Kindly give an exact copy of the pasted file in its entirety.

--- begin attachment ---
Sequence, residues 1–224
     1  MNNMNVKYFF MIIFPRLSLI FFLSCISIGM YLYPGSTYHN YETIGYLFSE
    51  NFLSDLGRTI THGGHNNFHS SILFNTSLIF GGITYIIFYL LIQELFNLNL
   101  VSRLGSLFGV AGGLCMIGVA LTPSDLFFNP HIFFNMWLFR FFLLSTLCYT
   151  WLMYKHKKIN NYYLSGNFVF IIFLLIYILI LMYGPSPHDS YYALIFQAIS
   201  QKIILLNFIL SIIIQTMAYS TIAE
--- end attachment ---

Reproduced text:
Sequence, residues 1–224
     1  MNNMNVKYFF MIIFPRLSLI FFLSCISIGM YLYPGSTYHN YETIGYLFSE
    51  NFLSDLGRTI THGGHNNFHS SILFNTSLIF GGITYIIFYL LIQELFNLNL
   101  VSRLGSLFGV AGGLCMIGVA LTPSDLFFNP HIFFNMWLFR FFLLSTLCYT
   151  WLMYKHKKIN NYYLSGNFVF IIFLLIYILI LMYGPSPHDS YYALIFQAIS
   201  QKIILLNFIL SIIIQTMAYS TIAE